So it's Saturday night, and here I am, drinking a soda, working the Scarleteen boards, and catching up on episodes of my favorite TV shows that I missed while I was out of town. I could be out on a date, flirting and eating a dynamite roll or maybe some chicken coconut korma, gathering up my bravery to give that good night kiss, but my most recent venture into the dating scene ended somewhat disappointingly when he met someone else while I was out of town. Bummer.
This is a quickie. But it was so fantastic, and here at Scarleteen we have so many young men who are so freaked out and upset when they ejaculate sooner than they'd like, that I had to race over here and link to it ASAP.
From the piece, by the wonderful Cory Silverberg:
It's often a bit of a bummer to do extended interviews for press pieces, because a lot of the time -- including just because of length constraints put on the reporter at hand, which are often very strict -- I find I feel like the most interesting stuff said, or some important context, winds up on the cutting room floor.
When I was in about 5th grade my mom got me an American Girls book about puberty and the transition from girlhood to womanhood. It told me all about shaving, choosing fingernail polish, and eating well. And on one special page it told me about my period and how to put a tampon in. Me and my girlfriends each had our own copies and we referenced it like the Bible. I was one of the last of my friends to get my period and I remember wanting one so badly, complaining to my mother about my feeling left out.
In case it isn't obvious from the message boards and our peer-written content on the site, peer-based sex education and support is really important to and at Scarleteen. While I love my job as a sex educator who is an older adult, and think there's a lot of value in my doing this work, at the same time I feel like there's an extra power and a special kind of support with peer-to-peer education and interaction that I can't do.
At twenty years old, I have by no means conquered all of my personal anxieties or insecurities about sex and sexuality. But after spending years trying to deny it, I can say that I have finally come to terms with the fact that I am a sexual being.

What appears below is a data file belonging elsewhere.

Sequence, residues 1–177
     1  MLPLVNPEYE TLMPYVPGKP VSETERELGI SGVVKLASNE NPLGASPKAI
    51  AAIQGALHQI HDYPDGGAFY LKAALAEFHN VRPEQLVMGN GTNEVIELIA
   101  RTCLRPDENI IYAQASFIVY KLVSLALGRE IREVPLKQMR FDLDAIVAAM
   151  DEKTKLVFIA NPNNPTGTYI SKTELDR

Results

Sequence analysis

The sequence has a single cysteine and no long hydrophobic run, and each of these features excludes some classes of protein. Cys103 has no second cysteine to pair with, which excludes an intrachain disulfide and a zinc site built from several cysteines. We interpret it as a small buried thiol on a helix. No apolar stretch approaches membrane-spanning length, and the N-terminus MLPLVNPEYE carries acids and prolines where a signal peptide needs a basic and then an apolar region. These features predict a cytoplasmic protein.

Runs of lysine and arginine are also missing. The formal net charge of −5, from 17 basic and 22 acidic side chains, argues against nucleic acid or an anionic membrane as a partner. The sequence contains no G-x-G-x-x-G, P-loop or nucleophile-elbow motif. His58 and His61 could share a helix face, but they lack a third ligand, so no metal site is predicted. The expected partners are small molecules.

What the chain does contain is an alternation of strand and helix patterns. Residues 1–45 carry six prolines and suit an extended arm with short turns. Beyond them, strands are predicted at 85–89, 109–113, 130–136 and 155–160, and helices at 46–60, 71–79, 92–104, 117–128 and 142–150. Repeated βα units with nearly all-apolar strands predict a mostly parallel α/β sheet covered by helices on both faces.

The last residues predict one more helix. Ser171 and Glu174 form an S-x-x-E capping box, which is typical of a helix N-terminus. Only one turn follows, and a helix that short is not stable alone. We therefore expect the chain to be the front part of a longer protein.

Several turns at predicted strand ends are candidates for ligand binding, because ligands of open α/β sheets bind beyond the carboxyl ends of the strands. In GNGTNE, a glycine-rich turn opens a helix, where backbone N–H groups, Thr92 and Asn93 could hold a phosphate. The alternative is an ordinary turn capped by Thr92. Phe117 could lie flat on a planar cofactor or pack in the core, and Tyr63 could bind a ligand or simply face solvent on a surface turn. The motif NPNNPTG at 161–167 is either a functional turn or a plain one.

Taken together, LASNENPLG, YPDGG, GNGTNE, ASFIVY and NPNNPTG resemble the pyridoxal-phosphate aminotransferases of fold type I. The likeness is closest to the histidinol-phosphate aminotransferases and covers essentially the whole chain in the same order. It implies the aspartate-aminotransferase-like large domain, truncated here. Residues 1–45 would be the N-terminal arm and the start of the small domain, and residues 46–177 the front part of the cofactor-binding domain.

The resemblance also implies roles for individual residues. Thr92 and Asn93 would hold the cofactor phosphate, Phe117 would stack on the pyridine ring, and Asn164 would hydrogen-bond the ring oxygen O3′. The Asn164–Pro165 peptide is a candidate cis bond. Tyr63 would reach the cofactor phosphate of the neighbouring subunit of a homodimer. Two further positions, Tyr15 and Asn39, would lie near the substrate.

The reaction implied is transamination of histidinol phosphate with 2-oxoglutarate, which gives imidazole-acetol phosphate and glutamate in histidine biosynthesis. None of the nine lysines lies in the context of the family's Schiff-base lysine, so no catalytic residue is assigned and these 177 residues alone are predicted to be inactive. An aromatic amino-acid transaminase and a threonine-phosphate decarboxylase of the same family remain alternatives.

For most of my life, I have conceptualized my sexuality as separate from the rest of my body, intellect, and soul. This schism between my sexuality and the idea I had of my ‘Self’ cut me deeply during some of what could have been the best years of my life.
Don’t worry: I’m not going to tell you not to post pictures of yourself drunk or exposed on Facebook because future employers might look at your profile, or tell you not to write about how "totally wasted” you got last night on your Wall because, again, prospective employers might read it. There are other articles you can read on that, and I do suggest considering the advice given in those articles. What I want to talk about is the other side of Facebook, the side that allows creeps to spy on you.
The murder of abortion provider Dr. George Tiller on May 31st has resulted in a lot of conversation about abortion. It’s a topic frequently hushed, or spoken about more around its politics than the actual procedure, the experience itself and the real women who have abortions. So this increased discussion is certainly something potentially positive happening because of something horribly tragic.
However, often in these conversations and news stories, language is used that's confusing or inaccurate, and some statements are made about abortion or women who choose abortion which are false, unrepresentative or misleading. And any of this can come from either “side” of abortion debates or discussions, due to political aims or motivations, ideological ideas or agendas or just out of plain old ignorance.